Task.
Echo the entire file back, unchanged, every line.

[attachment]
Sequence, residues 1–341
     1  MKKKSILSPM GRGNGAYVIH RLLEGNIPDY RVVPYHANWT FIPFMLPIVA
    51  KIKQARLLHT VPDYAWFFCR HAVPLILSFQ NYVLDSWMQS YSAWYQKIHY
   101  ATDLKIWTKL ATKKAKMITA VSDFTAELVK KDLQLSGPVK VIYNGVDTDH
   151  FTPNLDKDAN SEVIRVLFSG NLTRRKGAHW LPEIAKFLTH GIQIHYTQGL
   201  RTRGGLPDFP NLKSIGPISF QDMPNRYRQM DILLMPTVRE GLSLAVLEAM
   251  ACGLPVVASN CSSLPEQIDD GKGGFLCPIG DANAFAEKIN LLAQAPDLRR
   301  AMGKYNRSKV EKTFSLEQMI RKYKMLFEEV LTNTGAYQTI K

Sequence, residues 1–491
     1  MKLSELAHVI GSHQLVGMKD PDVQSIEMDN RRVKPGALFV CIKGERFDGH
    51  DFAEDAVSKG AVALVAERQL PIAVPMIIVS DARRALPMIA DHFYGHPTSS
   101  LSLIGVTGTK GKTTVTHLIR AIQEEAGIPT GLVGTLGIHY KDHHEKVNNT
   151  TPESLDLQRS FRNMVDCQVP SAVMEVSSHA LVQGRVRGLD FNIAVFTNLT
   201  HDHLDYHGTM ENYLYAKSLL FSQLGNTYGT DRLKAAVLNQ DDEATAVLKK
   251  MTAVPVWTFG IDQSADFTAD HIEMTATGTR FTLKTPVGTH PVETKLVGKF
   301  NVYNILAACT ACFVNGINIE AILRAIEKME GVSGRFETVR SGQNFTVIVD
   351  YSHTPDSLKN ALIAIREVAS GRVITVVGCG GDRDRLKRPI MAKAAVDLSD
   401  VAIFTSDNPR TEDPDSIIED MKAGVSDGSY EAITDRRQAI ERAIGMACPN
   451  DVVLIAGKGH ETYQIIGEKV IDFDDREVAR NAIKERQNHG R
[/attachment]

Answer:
Sequence, residues 1–341
     1  MKKKSILSPM GRGNGAYVIH RLLEGNIPDY RVVPYHANWT FIPFMLPIVA
    51  KIKQARLLHT VPDYAWFFCR HAVPLILSFQ NYVLDSWMQS YSAWYQKIHY
   101  ATDLKIWTKL ATKKAKMITA VSDFTAELVK KDLQLSGPVK VIYNGVDTDH
   151  FTPNLDKDAN SEVIRVLFSG NLTRRKGAHW LPEIAKFLTH GIQIHYTQGL
   201  RTRGGLPDFP NLKSIGPISF QDMPNRYRQM DILLMPTVRE GLSLAVLEAM
   251  ACGLPVVASN CSSLPEQIDD GKGGFLCPIG DANAFAEKIN LLAQAPDLRR
   301  AMGKYNRSKV EKTFSLEQMI RKYKMLFEEV LTNTGAYQTI K

Sequence, residues 1–491
     1  MKLSELAHVI GSHQLVGMKD PDVQSIEMDN RRVKPGALFV CIKGERFDGH
    51  DFAEDAVSKG AVALVAERQL PIAVPMIIVS DARRALPMIA DHFYGHPTSS
   101  LSLIGVTGTK GKTTVTHLIR AIQEEAGIPT GLVGTLGIHY KDHHEKVNNT
   151  TPESLDLQRS FRNMVDCQVP SAVMEVSSHA LVQGRVRGLD FNIAVFTNLT
   201  HDHLDYHGTM ENYLYAKSLL FSQLGNTYGT DRLKAAVLNQ DDEATAVLKK
   251  MTAVPVWTFG IDQSADFTAD HIEMTATGTR FTLKTPVGTH PVETKLVGKF
   301  NVYNILAACT ACFVNGINIE AILRAIEKME GVSGRFETVR SGQNFTVIVD
   351  YSHTPDSLKN ALIAIREVAS GRVITVVGCG GDRDRLKRPI MAKAAVDLSD
   401  VAIFTSDNPR TEDPDSIIED MKAGVSDGSY EAITDRRQAI ERAIGMACPN
   451  DVVLIAGKGH ETYQIIGEKV IDFDDREVAR NAIKERQNHG R